Pretty Pretty URLs for Pretty Pretty AJAX Search Engine Visibility

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Pretty Pretty URLs for Pretty Pretty AJAX Search Engine Visibility


Posted by Sam Battin, Senior Search Strategist

Do you want to optimize your site's AJAX content for visibility on search engines? Here's Google's grand plan explained!

Recently, Google announced a new technique that will allow better visibility for your site’s AJAX applications.  AJAX is a usability technology that delivers instantly updated information to your visitors; it’s like being able to deliver the speed, power and accessibility of a desktop application through a browser.  When you use AJAX well, you can encourage longer visits and keep your visitors coming back again and again.  To see the potentials of this new technology, try searching for “Good examples of AJAX” on Google.  No, seriously, you should do this.  Here’s a link:

See good examples of AJAX

All right – now that you know what AJAX is, you probably also know that all that awesome stuff it delivers is very tough or even impossible for search engines to see.  While your visitors may know that your site offers a fantastic interface that speeds things up beyond what was even conceivable a couple years ago, a search engine won’t send new visitors your way because AJAX is really difficult to crawl.

Search engines are trying to fill this vacuum.  The more good results they can offer their users, the more likely it is their users will keep using their search engine.  Therefore, exposing your AJAX content to search engines is a win-win situation for you and for search engines.  You get more search engine traffic, they get people to keep searching for content.

Hijax  – The Existing AJAX Crawl Technique

There are existing techniques to help search engines know about the content your AJAX site offers.  One of the most important techniques is called "Hijax."  In a nutshell, Hijax means building an HTML architecture for your site and layering AJAX on top of that.  Search engines will be able to crawl the HTML on your site because Hijax links combine AJAX content with HREF links they can follow.  This allows search engines to see the HTML content you set up to explain the AJAX content of your site; as a result, you can indirectly build visibility for your site’s AJAX content.

The New AJAX Crawling Agreement

You should think about using the new AJAX technique if you’re in the following situation:

a) Your website content changes regularly
b) You want search engines to serve fast AJAX links
c) You have AJAX on your site but you're not using Hijax

So what’s the new technique?  Word-for-word, here’s how Google describes it:

  1. The site adopts the AJAX crawling scheme.
  2. For each URL that has dynamically produced content, your server provides an HTML snapshot, which is the content a user (with a browser) sees. 
  3. The search engine indexes the HTML snapshot and serves your original AJAX URLs in search results.

Google calls this new scheme an agreement, and it is.  You’re agreeing to set up your site in a particular way to gain visibility for your AJAX content.  That's probably why Google refers to this whole idea as "The New Agreement," and it makes a lot of sense to use this terminology.  Below, we briefly sketch out how this will work.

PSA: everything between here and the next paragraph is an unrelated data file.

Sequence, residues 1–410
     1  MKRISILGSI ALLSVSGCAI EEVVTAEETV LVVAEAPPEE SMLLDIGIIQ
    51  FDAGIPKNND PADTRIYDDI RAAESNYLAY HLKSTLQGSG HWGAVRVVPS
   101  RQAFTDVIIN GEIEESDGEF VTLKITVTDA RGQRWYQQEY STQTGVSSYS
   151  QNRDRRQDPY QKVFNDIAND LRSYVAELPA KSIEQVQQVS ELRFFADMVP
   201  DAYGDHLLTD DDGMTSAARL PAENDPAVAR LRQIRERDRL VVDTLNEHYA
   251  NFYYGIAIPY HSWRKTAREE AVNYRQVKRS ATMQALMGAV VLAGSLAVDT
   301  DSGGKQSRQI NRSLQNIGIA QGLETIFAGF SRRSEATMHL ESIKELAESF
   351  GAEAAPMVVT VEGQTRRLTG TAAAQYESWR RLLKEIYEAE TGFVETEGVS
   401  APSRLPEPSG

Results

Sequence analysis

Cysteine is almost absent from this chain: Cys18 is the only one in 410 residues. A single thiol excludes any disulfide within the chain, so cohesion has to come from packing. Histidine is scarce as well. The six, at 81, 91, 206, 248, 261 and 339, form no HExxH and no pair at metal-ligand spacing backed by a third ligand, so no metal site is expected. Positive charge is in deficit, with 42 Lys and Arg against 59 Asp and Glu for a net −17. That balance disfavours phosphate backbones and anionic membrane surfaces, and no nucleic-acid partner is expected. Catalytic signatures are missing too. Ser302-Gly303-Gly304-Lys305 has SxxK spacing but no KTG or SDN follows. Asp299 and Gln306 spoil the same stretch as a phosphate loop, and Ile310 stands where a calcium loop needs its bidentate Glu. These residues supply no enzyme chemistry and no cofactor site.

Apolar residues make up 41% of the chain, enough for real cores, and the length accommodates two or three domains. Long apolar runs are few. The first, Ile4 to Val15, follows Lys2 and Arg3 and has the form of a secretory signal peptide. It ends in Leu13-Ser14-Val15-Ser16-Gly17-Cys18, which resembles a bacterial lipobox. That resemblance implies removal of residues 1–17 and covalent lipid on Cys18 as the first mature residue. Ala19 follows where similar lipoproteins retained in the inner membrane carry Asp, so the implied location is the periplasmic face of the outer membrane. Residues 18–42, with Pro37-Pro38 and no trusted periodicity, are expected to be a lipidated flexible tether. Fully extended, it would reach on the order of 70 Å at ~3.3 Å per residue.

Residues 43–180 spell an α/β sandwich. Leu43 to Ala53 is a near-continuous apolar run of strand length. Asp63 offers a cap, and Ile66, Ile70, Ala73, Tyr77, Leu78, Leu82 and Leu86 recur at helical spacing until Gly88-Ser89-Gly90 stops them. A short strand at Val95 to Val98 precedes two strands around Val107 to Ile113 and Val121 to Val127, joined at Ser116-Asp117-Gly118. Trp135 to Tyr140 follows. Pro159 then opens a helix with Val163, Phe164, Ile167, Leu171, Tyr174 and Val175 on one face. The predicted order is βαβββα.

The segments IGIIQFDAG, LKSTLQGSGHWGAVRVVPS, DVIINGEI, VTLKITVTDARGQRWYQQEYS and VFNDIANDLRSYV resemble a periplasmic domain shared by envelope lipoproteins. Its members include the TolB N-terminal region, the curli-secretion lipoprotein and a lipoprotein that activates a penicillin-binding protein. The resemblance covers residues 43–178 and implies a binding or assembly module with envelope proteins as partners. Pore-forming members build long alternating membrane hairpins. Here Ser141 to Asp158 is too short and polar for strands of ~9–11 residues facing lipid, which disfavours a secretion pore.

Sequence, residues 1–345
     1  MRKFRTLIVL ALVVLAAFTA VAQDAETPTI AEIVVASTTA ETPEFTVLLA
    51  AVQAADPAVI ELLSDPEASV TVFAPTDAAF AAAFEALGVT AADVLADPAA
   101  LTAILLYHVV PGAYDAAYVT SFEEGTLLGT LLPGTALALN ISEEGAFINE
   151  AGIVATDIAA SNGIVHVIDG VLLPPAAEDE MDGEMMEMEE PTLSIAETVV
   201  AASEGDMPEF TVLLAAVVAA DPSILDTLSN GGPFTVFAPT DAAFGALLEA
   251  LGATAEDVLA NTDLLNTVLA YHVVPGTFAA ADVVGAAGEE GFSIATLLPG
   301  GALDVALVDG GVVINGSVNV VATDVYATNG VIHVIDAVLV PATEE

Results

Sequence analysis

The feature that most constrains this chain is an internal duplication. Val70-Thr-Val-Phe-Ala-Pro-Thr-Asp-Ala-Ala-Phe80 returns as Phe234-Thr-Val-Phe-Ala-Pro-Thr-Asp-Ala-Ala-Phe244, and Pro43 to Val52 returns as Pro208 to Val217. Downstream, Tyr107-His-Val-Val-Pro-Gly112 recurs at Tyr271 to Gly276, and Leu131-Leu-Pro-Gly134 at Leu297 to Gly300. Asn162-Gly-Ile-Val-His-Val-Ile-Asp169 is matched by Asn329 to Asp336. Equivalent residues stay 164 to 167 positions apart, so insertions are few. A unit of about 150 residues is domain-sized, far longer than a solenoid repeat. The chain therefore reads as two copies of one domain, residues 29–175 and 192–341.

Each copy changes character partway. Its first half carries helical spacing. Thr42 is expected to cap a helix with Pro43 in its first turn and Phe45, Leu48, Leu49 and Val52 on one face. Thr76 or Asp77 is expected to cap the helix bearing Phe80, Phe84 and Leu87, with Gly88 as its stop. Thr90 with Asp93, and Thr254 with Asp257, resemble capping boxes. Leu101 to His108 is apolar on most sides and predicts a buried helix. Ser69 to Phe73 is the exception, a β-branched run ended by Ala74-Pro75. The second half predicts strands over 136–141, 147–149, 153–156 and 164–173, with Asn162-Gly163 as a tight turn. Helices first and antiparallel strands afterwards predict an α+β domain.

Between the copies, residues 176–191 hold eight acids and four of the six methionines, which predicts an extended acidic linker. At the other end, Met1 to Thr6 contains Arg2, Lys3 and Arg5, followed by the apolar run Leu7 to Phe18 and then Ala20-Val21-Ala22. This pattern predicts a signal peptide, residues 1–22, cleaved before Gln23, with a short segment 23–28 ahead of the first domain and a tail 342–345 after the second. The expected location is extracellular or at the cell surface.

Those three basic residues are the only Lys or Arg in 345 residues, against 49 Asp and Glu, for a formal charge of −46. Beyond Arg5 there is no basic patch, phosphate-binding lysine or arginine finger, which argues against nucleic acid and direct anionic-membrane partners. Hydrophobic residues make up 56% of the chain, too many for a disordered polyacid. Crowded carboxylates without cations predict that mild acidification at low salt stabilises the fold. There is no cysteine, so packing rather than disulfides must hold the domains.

Make those AJAX URLs Pretty! Right Now!

Basically, to let Google crawl your AJAX content, you "agree" to use a special way of writing the AJAX URLs on your site.  Google calls the new URLs you wrote just for them "pretty" URLs.  In other words, the new URLs are "pretty" (in the sense of "more attractive") to the search engine.

When Google crawls your site for the first time, they will find the "pretty" AJAX URLs in your site's links.  Before Google will attempt to follow these "pretty" links, Google will first rewrite the AJAX URLs to a new URL.  Google's URL rewrite changes your site's "pretty" URLs into new "ugly URLs." 

Then, Google will request the "ugly" URLs from your server.  When your server receives a request for an "ugly" URL, the server will return an HTML snapshot of the AJAX content associated with that URL.  Google will index this content and then display the "pretty" URL in search result pages. 

So for example, suppose your site uses AJAX to do something cool, like allow two people to conduct an interview by typing back and forth to each other in real time.  The URL where all this back and forth typing occurs might be:

www.mysite.com/ajax.html#talkytalky

Google would not be able to see any of this typed content because it lives behind a hashmark, and Google can’t crawl URLs like that.  To allow Google to index your live interview content, you would "agree" to rewrite the interview URL to make it "pretty", e.g. by adding the exclamation point shown below

www.mysite.com/ajax.html#!talkytalky

Google would crawl mysite.com and they would see the link to the "pretty" AJAX URL.  Google would then ask to see the contents of this page by submitting an "ugly" URL request to your server.  For example, to see the interview content Google might ask for

www.mysite.com/ajax.html?_escaped_fragment_=talkytalky

Your server (being ready for this request) would take an HTML snapshot of the page's interview content and return it to Google.  Google would crawl the HTML content and include it on a search result page for relevant queries.  The Google search result for your AJAX interview page might look like this:

Talky 

Of course, the reality is slightly more complicated than we've suggested here, but if your site uses AJAX and you want visibility for your content on search engines, go ahead and take a look at Google's Making AJAX Applications Crawlable.


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